Army tanks packed with soldiers rolled into a southern Philippine city on Thursday as gunfire and explosions rang out after militants linked to the Islamic State group torched buildings, seized more than a dozen Catholic hostages and raised the black flag of ISIS.
At least 21 people have died in fighting that erupted late on Tuesday, when the army raided the Marawi hideout of Isnilon Hapilon, who is on Washington’s list of most-wanted terrorists and has a $5 million bounty on his head.
The operation went wrong as the militants called in reinforcements and swept through the mostly Muslim city of 200,000 people. Hapilon’s whereabouts were not clear, but there was no indication he was captured in the raid.
President Rodrigo Duterte declared martial law across the southern third of the nation — home to some 22 million people — and warned he may expand it nationwide.
He vowed to be “harsh”.
“If I think that you should die, you will die,” he said on Wednesday. “If you fight us, you will die. If there is open defiance, you will die. And if it means many people dying, so be it.”
As details of the attack in Marawi city emerged, fears mounted that the largest Catholic nation in Asia could be falling into a growing list of countries grappling with the spread of influence from the Islamic State group in Syria and Iraq.
Thousands of people were fleeing the city Thursday, jamming their belongings into cars. Plumes of black smoke rose in the distance and two air force helicopters could be seen flying over the city centre.
Mohammad Usman, a 49-year-old Marawi resident, said some people are likely trapped with no way out.
“At night we can hear the gunfire. I’m just praying that the bullets will not find its way to my house and hit us,” he said as he left the city. “I hope that the bombs will not land nearby and harm us.”
Although much of the city is sealed off, disturbing details were trickling out.
Duterte said a local police chief was stopped at a militant checkpoint and beheaded. Military chief of staff General Eduardo Ano said the militants erected Islamic State flags at several locations.
Marawi Bishop Edwin de la Pena said the militants forced their way into the Marawi Cathedral and seized a Catholic priest, 10 worshippers and three church workers.
Martial law allows Duterte to use the armed forces to carry out arrests, searches and detentions more rapidly. He has repeatedly threatened to place the south, the scene of decades-long Muslim separatist uprisings, under martial law. But human rights groups have expressed fears that martial law powers could further embolden Duterte, whom they have accused of allowing extrajudicial killings of thousands of people in his crackdown on illegal drugs.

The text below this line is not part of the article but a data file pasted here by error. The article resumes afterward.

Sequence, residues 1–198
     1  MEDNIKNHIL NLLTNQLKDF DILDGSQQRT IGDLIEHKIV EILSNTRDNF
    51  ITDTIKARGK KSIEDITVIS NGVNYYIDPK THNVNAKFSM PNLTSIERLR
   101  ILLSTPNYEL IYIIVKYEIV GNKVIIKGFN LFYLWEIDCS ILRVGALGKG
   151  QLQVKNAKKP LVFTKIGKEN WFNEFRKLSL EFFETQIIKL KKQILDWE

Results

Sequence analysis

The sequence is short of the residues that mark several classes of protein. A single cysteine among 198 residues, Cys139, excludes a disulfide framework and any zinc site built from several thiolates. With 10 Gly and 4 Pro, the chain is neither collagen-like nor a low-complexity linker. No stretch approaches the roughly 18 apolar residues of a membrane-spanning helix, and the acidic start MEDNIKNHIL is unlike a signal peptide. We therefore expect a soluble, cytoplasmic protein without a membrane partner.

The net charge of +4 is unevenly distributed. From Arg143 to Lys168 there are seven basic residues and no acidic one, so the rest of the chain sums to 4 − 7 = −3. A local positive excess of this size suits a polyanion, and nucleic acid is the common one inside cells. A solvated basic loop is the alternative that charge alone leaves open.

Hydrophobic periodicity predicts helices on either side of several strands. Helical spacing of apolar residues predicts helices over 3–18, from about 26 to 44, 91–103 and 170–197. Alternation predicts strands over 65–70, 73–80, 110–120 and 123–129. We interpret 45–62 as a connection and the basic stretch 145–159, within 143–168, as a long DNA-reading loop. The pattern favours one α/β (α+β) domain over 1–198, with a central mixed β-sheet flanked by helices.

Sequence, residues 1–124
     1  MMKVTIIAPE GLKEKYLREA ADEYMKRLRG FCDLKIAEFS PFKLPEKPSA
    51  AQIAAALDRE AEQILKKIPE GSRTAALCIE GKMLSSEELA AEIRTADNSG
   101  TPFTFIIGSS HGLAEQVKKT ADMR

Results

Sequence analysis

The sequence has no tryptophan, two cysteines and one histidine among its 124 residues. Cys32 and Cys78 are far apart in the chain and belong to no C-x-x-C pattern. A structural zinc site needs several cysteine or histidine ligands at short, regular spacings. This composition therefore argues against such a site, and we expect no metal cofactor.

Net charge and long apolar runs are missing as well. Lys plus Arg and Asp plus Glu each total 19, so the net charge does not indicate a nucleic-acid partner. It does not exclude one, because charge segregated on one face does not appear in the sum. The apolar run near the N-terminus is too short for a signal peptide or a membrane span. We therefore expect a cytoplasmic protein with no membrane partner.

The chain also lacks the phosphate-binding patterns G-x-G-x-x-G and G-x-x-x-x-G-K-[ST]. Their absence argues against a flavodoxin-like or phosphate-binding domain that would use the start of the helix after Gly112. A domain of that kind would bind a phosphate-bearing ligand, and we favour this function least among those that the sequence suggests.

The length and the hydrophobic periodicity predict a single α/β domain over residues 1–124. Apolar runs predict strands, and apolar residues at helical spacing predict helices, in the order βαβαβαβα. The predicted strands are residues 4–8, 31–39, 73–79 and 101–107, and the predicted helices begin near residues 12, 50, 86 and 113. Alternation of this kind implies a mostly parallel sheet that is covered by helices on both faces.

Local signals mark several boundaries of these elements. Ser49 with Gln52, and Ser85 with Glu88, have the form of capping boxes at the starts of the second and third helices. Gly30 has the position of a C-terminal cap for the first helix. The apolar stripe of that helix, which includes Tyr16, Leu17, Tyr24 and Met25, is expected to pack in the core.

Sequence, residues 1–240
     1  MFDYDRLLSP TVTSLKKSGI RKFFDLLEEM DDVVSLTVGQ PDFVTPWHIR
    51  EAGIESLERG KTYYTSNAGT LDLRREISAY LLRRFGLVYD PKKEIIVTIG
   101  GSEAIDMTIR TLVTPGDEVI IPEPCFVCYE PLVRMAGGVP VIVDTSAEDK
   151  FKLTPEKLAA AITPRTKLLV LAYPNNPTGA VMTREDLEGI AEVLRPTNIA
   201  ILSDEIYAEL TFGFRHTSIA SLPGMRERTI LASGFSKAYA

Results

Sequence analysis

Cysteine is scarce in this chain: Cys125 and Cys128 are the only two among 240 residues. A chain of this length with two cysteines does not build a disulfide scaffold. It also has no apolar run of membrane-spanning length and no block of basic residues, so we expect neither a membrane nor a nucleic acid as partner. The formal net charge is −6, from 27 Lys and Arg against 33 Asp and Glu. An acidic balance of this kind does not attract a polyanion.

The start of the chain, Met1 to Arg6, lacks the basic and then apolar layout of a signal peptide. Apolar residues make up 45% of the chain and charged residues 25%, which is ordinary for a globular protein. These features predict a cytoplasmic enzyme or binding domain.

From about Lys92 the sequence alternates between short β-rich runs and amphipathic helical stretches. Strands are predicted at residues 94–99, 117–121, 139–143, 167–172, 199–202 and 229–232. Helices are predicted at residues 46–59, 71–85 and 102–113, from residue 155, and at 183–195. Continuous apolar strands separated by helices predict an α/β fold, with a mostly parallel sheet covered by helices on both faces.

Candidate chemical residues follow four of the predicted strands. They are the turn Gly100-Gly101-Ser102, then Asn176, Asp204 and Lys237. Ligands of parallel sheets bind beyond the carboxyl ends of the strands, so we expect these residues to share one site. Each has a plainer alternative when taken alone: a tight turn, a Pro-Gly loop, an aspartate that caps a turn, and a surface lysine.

Hapilon, an Arabic-speaking Islamic preacher known for his expertise in commando assaults, pledged allegiance to the Islamic State group in 2014. He is a commander of the Abu Sayyaf militant group and was wounded by a military airstrike in January.
While pursuing peace talks with two large Muslim rebel groups in the south, Duterte has ordered the military to destroy smaller extremist groups which have tried to align with the Islamic State group.
At least one of those smaller groups, the Maute, was involved in the Marawi siege. It’s one of less than a dozen new armed Muslim groups that have pledged allegiance to the Islamic State and formed a loose alliance, with Hapilon reportedly designated as the alliance’s leader.
Political analyst Ramon Casiple said the Maute is a clan-based group with members in Marawi who came to Hapilon’s assistance, with some directly assisting in the fighting and others fanning out to different parts of the city, setting up checkpoints and burning some buildings and taking hostages from the cathedral.
“It is difficult to root out because they are from there,” he said. “The Mautes are embedded in the population.”
The group has been blamed for a bombing that killed 15 people in southern Davao city, Duterte’s hometown, last September and a number of attacks on government forces in Lanao, although it has faced setbacks from a series of military offensives.
Last month, troops backed by airstrikes killed dozens of Maute militants and captured their jungle camp near Lanao del Sur’s Piagapo town. Troops found homemade bombs, grenades, combat uniforms and passports of suspected Indonesian militants in the camp, the military said.
Having been unable to sell in churches for well over a year due to the pandemic, we are now inviting readers to support the Herald by investing in our future. We have been a bold and influential voice in the church since 1888, standing up for traditional Catholic culture and values.
Please join us on our 130 year mission by supporting us. We are raising £250,000 to safeguard the Herald as a world-leading voice in Catholic journalism and teaching. For more information from our chairman on contributing to the Herald Patron's Fund, click here
Make a Donation
Donors giving £500 or more will automatically become sponsor patrons of the Herald. This includes two complimentary print/digital gift subscriptions, invitations to Patron events, pilgrimages and dinners, and 6 gift subscriptions sent to priests, seminaries, Catholic schools, religious care homes and prison and university chaplaincies. Click here for more information on becoming a Patron Sponsor. Click here for more information about contributing to the Herald Patron's Fund